Migrant children and young people who live on the streets in Togo face constant insecurity. They can be robbed at any time of the essential money they earn through small jobs – which they need to keep themselves alive.
To help them, Terre des hommes (TDH), the Ecobank Group and the Movement for Young African Workers (MAEJT) have launched the SaVa (safe savings) project in Togo.
The aim of the SaVa project is to protect the savings of migrant children and young people living in street situations. This pilot project will support 150 children in street situations in the Togolese capital Lomé for one year, by allowing them to manage the savings they have using a banking app.
This is a world first in child relief. SaVa was launched after a study showed one reason children and young people on the move in West Africa lived such insecure lives was the theft and misappropriation of the money they earn.
Many children carry their cash around with them, others bury the money in different places, and some of them use informal savings systems to keep their earnings. But these methods are neither safe nor sustainable, which is why a digital system of micro-saving in the places of transit and destination for migrant children and youth is desperately needed.
Small-scale banking for migrant children and youth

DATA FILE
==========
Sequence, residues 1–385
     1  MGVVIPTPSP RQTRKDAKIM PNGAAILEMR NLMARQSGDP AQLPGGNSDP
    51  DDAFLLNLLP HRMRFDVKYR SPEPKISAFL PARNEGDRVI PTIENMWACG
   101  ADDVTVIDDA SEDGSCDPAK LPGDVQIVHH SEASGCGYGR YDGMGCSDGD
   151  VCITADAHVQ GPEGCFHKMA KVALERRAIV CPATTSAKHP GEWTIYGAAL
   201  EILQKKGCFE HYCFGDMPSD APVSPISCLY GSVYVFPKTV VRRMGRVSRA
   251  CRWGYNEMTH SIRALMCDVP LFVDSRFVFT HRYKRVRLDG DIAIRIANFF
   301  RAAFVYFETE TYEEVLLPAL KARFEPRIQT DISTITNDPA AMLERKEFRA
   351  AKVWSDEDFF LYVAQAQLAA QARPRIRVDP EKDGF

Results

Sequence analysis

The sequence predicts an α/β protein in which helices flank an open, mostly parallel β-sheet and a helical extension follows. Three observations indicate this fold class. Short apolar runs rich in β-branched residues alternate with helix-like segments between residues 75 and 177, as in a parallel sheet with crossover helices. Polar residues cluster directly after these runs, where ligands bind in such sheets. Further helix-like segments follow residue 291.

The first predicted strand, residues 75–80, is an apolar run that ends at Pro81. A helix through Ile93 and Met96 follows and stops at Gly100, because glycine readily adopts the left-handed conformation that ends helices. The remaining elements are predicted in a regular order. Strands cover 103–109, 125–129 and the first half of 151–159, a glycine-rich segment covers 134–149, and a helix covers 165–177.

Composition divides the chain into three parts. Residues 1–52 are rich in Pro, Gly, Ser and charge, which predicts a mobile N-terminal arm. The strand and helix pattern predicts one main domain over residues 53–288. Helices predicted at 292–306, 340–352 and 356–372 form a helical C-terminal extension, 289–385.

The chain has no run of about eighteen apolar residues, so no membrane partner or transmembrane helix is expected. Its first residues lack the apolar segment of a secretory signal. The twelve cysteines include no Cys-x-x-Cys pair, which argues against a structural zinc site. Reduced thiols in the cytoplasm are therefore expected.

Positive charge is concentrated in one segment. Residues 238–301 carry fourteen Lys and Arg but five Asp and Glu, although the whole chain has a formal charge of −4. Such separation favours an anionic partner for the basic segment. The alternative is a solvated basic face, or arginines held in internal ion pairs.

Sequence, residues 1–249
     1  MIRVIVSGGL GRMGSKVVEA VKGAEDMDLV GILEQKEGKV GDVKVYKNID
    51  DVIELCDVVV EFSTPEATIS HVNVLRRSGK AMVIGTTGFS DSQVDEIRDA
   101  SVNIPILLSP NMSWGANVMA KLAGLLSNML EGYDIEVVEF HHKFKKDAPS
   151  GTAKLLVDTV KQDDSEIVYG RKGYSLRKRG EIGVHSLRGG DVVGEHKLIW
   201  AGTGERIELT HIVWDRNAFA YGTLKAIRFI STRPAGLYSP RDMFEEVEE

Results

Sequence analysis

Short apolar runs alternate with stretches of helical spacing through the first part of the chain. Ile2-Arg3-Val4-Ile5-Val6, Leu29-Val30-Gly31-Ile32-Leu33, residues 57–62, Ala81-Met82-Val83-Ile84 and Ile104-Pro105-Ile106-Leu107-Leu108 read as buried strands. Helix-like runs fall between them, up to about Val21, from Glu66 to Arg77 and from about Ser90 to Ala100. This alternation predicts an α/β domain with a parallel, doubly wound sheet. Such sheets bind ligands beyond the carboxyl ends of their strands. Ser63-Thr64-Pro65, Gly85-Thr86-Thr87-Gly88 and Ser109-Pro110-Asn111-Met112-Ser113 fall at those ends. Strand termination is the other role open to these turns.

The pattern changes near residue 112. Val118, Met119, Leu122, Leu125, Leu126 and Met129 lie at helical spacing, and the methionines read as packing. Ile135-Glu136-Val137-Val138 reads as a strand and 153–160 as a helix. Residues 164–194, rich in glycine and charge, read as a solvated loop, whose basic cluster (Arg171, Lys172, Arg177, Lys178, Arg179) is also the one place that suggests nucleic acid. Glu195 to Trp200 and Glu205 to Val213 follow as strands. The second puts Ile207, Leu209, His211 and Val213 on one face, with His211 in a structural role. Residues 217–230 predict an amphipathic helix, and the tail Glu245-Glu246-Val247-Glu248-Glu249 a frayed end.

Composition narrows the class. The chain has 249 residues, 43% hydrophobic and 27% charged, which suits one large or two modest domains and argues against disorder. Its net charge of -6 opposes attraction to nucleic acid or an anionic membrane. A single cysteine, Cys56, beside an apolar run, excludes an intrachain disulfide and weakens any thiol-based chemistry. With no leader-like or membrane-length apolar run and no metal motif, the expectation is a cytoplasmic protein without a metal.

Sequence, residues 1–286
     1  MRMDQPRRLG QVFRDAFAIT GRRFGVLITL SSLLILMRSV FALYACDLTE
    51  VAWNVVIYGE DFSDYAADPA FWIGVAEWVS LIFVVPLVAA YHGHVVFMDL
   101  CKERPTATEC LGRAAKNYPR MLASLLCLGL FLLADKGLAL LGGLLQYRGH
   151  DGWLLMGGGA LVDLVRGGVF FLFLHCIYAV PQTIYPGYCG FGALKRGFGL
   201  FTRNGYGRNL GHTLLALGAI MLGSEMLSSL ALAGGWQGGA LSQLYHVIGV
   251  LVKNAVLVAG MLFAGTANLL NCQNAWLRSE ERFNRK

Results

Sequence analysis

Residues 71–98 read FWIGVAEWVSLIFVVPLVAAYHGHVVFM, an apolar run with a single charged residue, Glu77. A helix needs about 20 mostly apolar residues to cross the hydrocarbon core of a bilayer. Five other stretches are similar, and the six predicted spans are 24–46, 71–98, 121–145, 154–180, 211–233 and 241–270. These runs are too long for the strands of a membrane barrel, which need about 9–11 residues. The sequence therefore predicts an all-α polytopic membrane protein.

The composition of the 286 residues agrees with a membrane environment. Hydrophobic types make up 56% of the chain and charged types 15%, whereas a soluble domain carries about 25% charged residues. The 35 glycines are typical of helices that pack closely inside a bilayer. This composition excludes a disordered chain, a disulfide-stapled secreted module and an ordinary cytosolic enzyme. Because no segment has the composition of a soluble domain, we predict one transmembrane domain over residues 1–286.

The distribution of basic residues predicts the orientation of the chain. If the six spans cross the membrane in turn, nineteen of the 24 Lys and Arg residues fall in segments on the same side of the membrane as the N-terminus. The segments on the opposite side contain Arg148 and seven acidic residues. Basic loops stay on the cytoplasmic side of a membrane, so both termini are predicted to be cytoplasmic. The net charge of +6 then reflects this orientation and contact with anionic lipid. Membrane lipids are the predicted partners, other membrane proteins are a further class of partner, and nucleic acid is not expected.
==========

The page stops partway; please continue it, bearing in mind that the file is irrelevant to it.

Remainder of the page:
SaVa aims to improve the security, independence and money management skills of migrant children and young people living in street situations and working in and around the Grand Market in Lomé. This will allow the children to keep their savings safe using the ‘Ecobank Mobile’ banking app.
To make it easy for children and young people to make deposits and withdrawals, an XPRESS ECOBANK point where children can manage their money will be installed in Hope Points – reception and assistance sites for migrant children and youth which have been set up by TDH.
“When my mother died, I was abandoned and finally found myself on the beach with other kids my age. I did jobs at the Grand Market in Lomé and earned 500 F (around 0.90 USD) a day. I gave 35,000 F (around 60 USD) to a woman – but she ran away with my money,” Elie tells us. The 13-year old thinks the SaVa project is great. “We are being given support, and our money won’t be stolen anymore.”
At the project’s launch event in February, the Secretary General of the Ministry for Social Welfare – who is in charge of child protection in Togo – praised SaVa’s innovation. He invited all organisations working on child protection in Togo to strengthen their collaboration with TDH and its partners to make this pilot project successful, with a view to developing it on a larger scale.
Picture: A child selling goods in the Grand Market, Lomé. ©Tdh / Sandro Mahler